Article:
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‘Picture for 2023 has darkened considerably’, says WTO while slashing global trade forecast

Nigeria's Ngozi Okonjo-Iweala, Director General of the World Trade Organisation, WTO, speaks to the media about WTO revised trade forecast during a press conference, at the headquarters of the World Trade Organization in Geneva, Switzerland, Wednesday, Oct. 5, 2022. (Martial Trezzini/Keystone via AP) (AP)Premium
Nigeria's Ngozi Okonjo-Iweala, Director General of the World Trade Organisation, WTO, speaks to the media about WTO revised trade forecast during a press conference, at the headquarters of the World Trade Organization in Geneva, Switzerland, Wednesday, Oct. 5, 2022. (Martial Trezzini/Keystone via AP) (AP)

WTO predicted that it would expand by just 1% in 2023, which is significantly less than their previous projection of 3.4% growth.

In light of Russia's conflict in Ukraine and other shocks to the global economy, the World Trade Organization (WTO) on October 5 sharply cut its global trade prediction for 2023. WTO experts revised their yearly trade forecast, noting that they now expected the world's merchandise trade to grow by 3.5 percent this year, which is a bit more than they had forecasted in April.

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However, they predicted that it would expand by just 1% in 2023, which is significantly less than their previous projection of 3.4% growth.

Since Russia's full-scale war in Ukraine had just begun a few weeks prior, the WTO noted that its April projections were extremely speculative. The estimates for 2023 "now appear overly optimistic, as energy prices have skyrocketed, inflation has become more broad-based, and the war shows no sign of letting up," it said.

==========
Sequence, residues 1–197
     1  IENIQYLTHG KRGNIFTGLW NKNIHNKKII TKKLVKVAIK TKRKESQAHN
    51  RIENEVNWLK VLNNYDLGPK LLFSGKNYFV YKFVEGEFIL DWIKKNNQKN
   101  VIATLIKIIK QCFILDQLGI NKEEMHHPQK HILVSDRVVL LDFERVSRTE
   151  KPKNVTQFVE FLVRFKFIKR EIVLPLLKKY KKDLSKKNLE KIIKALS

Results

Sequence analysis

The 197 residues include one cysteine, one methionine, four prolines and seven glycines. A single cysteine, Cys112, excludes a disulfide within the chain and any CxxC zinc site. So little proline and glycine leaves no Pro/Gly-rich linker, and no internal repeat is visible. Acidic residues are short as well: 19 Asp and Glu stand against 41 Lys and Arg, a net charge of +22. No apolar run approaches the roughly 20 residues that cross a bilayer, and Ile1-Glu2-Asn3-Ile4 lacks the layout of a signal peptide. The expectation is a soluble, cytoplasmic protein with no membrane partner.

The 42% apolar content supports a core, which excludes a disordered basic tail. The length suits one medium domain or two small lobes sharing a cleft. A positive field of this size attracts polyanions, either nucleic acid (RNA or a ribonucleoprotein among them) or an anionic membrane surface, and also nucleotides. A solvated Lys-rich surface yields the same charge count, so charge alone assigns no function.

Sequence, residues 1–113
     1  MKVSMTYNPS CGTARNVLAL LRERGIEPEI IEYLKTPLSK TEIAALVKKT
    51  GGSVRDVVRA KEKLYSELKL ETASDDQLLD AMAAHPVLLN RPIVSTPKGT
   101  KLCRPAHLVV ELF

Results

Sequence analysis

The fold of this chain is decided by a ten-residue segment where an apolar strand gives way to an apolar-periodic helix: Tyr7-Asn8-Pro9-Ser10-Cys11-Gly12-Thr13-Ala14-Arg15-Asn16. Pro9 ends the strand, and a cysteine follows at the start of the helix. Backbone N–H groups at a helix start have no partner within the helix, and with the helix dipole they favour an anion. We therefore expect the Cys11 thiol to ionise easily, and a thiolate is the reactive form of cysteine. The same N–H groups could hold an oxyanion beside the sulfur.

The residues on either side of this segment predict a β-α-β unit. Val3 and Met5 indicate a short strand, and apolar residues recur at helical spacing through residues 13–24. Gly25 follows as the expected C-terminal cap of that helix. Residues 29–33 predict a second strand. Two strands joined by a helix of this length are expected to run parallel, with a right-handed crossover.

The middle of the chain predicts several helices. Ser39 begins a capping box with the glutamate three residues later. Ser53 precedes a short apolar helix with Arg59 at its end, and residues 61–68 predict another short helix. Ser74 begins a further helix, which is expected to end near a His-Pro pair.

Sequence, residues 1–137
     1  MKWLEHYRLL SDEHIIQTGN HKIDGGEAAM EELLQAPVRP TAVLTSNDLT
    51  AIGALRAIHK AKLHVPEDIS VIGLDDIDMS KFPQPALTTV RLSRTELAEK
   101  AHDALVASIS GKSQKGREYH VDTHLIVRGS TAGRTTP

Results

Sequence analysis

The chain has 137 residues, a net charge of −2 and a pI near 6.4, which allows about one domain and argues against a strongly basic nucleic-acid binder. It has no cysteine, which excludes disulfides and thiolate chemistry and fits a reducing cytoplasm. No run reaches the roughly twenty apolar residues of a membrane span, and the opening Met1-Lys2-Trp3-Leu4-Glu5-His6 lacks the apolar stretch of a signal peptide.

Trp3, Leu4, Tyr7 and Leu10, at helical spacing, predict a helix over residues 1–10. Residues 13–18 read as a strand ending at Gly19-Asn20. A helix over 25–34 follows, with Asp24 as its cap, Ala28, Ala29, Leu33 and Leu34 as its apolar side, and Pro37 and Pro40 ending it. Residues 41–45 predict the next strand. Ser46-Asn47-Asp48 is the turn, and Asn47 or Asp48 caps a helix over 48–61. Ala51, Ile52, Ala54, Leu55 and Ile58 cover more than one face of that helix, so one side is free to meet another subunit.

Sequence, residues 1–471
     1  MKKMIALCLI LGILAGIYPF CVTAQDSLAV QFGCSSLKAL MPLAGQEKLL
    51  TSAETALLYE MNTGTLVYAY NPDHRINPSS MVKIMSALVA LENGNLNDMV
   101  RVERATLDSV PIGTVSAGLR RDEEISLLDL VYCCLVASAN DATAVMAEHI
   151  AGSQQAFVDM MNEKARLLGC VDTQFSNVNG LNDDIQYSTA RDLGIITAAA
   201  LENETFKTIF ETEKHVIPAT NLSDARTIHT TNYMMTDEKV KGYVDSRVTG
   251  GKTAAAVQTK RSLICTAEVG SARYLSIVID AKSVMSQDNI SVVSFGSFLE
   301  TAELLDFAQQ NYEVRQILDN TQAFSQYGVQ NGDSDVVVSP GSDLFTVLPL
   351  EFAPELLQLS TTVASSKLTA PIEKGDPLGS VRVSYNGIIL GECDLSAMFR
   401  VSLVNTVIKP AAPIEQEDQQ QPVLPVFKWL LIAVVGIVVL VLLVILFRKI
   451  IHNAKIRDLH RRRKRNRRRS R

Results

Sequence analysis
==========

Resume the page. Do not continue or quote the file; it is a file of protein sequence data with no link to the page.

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"The picture for 2023 has darkened considerably," WTO Director-General Ngozi Okonjo-Iweala told reporters in Geneva. "Today the global economy faces multi-prong crises. Monetary tightening is weighing on growth across much of the world."

Rising energy costs in Europe as a result of the conflict in Ukraine, according to the WTO, are anticipated to reduce household expenditure and increase industry expenses.

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In the meantime, as China continued to struggle with Covid-19 breakouts and production disruptions, monetary policy tightening in the United States was having an impact on the housing, automobile, and fixed investment sectors.

WTO economists maintained their April projection of 2.8% GDP growth for the world's economy as a whole, but they stated that growth in 2023 was now likely to be just 2.3% — down a whole percentage point from the prior forecast.

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Comparatively, the Organization for Economic Cooperation and Development has kept its 2022 prediction at three percent and anticipates growth of 2.2 percent in 2023. While doing so, the IMF predicts growth of 3.2% this year and 2.9% in 2023.

(With agency inputs)

ABOUT THE AUTHOR

Sounak Mukhopadhyay

Sounak Mukhopadhyay, who also goes by the name Sounak Mukherjee, has been producing digital news since 2012. He's worked for the International Business Times, The Inquisitr, and Moneycontrol in the past. He's also contributed to Free Press Journal and TheRichest with feature articles. He covers news for a wide range of subjects including business, finance, economy, politics and social media. Before working with digital news publications, he worked as a freelance content writer.
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